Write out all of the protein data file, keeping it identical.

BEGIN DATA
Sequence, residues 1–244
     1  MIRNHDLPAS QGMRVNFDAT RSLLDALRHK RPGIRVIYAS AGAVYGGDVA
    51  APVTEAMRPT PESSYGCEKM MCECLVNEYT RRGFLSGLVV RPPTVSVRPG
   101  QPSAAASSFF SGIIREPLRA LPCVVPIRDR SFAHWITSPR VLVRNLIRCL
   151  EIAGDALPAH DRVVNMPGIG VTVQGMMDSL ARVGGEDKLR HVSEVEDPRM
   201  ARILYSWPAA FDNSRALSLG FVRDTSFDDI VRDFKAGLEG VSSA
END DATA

Sequence, residues 1–244
     1  MIRNHDLPAS QGMRVNFDAT RSLLDALRHK RPGIRVIYAS AGAVYGGDVA
    51  APVTEAMRPT PESSYGCEKM MCECLVNEYT RRGFLSGLVV RPPTVSVRPG
   101  QPSAAASSFF SGIIREPLRA LPCVVPIRDR SFAHWITSPR VLVRNLIRCL
   151  EIAGDALPAH DRVVNMPGIG VTVQGMMDSL ARVGGEDKLR HVSEVEDPRM
   201  ARILYSWPAA FDNSRALSLG FVRDTSFDDI VRDFKAGLEG VSSA